- The Washington Times - Tuesday, August 9, 2016

It was a popular — and familiar — figure atop the final wall chart at the 117th annual U.S. Open, which wrapped up Sunday in Indianapolis.

Veteran Pittsburgh-based GM Alex Shabalov finished in a tie for first at 8-1 with GM Gil Popilski, then defeated the young Israeli grandmaster in an “Armageddon” playoff game for bragging rights. For the Latvia-born Shabalov, a four-time U.S. national champion who was inducted into the U.S. Chess Hall of Fame last year, it’s the seventh time he has won or tied for first in the country’s premier open event.

The 48-year-old Shabalov is known as a player who thrives on crazy tactics and wild positions, once telling Chess Life, “If the position after my move becomes more complicated, then the game is going in the right direction.” But his most impressive Open win was a positional gem against New York GM Aleksandr Lenderman in the ninth and final round.

In a QGD Slav, Lenderman as White declines to complicate the opening after 8. Qb3 b5!?, electing to lock up the center with 9. cxd5 exd5 10. g3 Bd6 11. Bg2 0-0 12. Nxg6 hxg6 and winning the two bishops in the process. But the White pawn on e3 proves to be a permanent weakness on the half-open file, and after 16. Na4 c5! 17. dxc5 Nxc5 18. Nxc5 Bxc5 19. Rfe1 Re1 20. Rad1 Re7 21. Bc1 a5, White has no counterplay either on the queenside or against the isolated Black d-pawn.

Shabalov methodically builds up the pressure, forcing White into an increasingly passive defense. A pair of nicely-timed pawn pushes — 28. b3 g4! 29. Bg2 d4! nets Black a pawn after 30. e4 gxf3 31. Bxf3 Nxe4, and Shabalov displays faultless technique in cashing in the point, with the opposite-colored bishops actually helping Black to a breakthrough.

A mini-tactic caps off Black’s strategic triumph: 44. Rc2 d3! (opening up the a7-g1 diagonal) 45. Rxc3 Qf2+ 46. Kh3 (Kh1 Re1+) f5! and there’s no good answer to the threat of 47…Rh7+; Lenderman resigned.

The Midwest is the focus of the chess world these days. In addition to the U.S. Open, 10 of the world’s top grandmasters have begun play in the 2016 Sinquefield Cup, being played at the Scholastic Center and Chess Club of St. Louis.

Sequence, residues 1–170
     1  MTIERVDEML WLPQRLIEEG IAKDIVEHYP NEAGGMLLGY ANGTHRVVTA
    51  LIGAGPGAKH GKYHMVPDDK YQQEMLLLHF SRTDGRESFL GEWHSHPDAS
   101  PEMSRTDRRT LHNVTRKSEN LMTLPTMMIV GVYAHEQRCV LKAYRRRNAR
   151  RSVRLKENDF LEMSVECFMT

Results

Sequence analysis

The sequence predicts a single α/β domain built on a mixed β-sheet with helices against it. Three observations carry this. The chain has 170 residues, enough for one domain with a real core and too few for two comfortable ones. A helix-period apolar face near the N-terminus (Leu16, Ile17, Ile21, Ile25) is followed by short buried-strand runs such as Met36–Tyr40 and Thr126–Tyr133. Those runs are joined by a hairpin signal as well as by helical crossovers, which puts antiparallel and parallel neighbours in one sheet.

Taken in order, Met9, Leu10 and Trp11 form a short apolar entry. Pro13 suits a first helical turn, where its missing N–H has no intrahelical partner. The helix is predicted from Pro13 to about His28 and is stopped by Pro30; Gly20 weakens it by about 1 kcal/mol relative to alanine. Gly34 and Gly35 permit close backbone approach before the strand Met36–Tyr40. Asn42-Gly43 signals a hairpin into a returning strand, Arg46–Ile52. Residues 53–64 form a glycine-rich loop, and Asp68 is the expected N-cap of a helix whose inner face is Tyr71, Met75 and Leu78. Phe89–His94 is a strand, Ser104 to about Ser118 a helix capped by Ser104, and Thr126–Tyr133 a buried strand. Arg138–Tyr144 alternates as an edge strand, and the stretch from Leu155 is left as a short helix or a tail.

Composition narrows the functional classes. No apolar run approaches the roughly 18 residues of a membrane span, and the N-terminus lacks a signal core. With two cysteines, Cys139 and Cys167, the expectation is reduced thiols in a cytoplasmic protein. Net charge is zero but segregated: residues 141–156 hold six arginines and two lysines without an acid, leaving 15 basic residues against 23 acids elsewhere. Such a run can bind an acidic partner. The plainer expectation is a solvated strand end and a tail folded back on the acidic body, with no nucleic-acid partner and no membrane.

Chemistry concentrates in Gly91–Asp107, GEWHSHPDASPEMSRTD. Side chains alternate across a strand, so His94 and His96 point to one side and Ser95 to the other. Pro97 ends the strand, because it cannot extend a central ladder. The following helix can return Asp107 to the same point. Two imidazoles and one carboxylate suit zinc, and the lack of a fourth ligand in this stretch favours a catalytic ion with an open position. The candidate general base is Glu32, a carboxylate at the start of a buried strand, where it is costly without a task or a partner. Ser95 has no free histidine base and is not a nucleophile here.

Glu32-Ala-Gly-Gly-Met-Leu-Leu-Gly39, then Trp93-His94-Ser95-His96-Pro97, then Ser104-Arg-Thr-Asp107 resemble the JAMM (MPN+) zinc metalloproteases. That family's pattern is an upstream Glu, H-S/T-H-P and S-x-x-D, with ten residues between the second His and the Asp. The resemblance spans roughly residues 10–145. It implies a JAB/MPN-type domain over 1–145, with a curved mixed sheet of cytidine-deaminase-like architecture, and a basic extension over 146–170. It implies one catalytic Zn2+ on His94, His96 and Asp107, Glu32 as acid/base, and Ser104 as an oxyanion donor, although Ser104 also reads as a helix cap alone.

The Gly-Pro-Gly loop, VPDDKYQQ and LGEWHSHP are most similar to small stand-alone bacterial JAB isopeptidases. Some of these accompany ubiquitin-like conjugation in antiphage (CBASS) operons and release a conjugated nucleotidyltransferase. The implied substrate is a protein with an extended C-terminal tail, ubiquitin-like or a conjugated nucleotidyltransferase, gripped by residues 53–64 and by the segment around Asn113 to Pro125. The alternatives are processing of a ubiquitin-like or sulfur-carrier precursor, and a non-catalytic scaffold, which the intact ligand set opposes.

French superstar Maxime Vachier-Lagrave has been one of the hottest players on the international circuit in recent weeks, but he suffered a painful loss to former Indian world champ Viswanathan Anand in Round 2 in St. Louis. Vachier-Lagrave built up a big edge early in their Caro-Kann, but the tables turn from today’s diagrammed position, after Black has just played 29…Nc7-d5. White blunders with 30. Nxe6? (a miscalculation; still good was 30. Bxd5 exd5 31. Qh3 [threat: 32. Bh4] Qg7 32. Qe3 Rg6 33. g3 a6 34. Nc2) Bxe6 31. Bxd5 e3! (the move White missed — his bishop on e3 will be left hanging) 32. Bxe3 Bxd5 33. Bxa7+ Kxa7 34. Qf2+ Bc5! 35. Qxc5+ Qxc5+ 36. bxc5 Rd7, and White’s weak pawns prove a fatal weakness.

The game concluded: 37. Rfe1 h6 38. Kf2 Kb8 39. c4 Bc6 40. Rxd7 Bxd7 41. Rb1 Ra6 42. Rb6 Rxa5 43. Rxh6 Rxc5 44. h4 Rxc4 45. g3 Kc7 46. h5 b5, and the passed pawn can’t be stopped. White resigned.

Lenderman — Shabalov, 117th U.S. Open, Indianapolis, August 2016

1. c4 c6 2. d4 d5 3. Nf3 Nf6 4. e3 Bf5 5. Nc3 e6 6. Nh4 Be4 7. f3 Bg6 8. Qb3 b5 9. cxd5 exd5 10. g3 Bd6 11. Bg2 O-O 12. Nxg6 hxg6 13. O-O Nbd7 14. Bd2 Re8 15. Kh1 b4 16. Na4 c5 17. dxc5 Nxc5 18. Nxc5 Bxc5 19. Rfe1 Qb6 20. Rad1 Re7 21. Bc1 a5 22. Rd3 Rae8 23. a4 Qa7 24. Re2 Bb6 25. Bh3 Qa6 26. Qd1 g5 27. Bf1 Qa7 28. b3 g4 29. Bg2 d4 30. e4 gxf3 31. Bxf3 Nxe4 32. Kg2 Nc3 33. Rxe7 Qxe7 34. Qc2 Qe6 35. Bd2 Ne4 36. Qd1 Nc3 37. Qc2 Rc8 38. Bxc3 bxc3 39. Rd1 Re8 40. Rf1 g6 41. Rc1 Re7 42. Qd1 Bc5 43. Bg4 Qe3 44. Rc2 d3 45. Rxc3 Qf2 46. Kh3 f5 White resigns.

• David R. Sands can be reached at 202/636-3178 or by email at [email protected]


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